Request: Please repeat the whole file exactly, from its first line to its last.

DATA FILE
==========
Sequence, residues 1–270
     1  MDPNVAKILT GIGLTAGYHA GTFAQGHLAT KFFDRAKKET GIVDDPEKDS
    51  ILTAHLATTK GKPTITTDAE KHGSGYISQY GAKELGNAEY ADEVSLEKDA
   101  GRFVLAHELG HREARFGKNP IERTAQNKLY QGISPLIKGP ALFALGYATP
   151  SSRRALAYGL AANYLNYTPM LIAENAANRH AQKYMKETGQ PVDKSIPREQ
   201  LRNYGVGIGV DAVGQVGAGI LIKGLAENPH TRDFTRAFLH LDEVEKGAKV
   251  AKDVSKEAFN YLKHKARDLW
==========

Sequence, residues 1–270
     1  MDPNVAKILT GIGLTAGYHA GTFAQGHLAT KFFDRAKKET GIVDDPEKDS
    51  ILTAHLATTK GKPTITTDAE KHGSGYISQY GAKELGNAEY ADEVSLEKDA
   101  GRFVLAHELG HREARFGKNP IERTAQNKLY QGISPLIKGP ALFALGYATP
   151  SSRRALAYGL AANYLNYTPM LIAENAANRH AQKYMKETGQ PVDKSIPREQ
   201  LRNYGVGIGV DAVGQVGAGI LIKGLAENPH TRDFTRAFLH LDEVEKGAKV
   251  AKDVSKEAFN YLKHKARDLW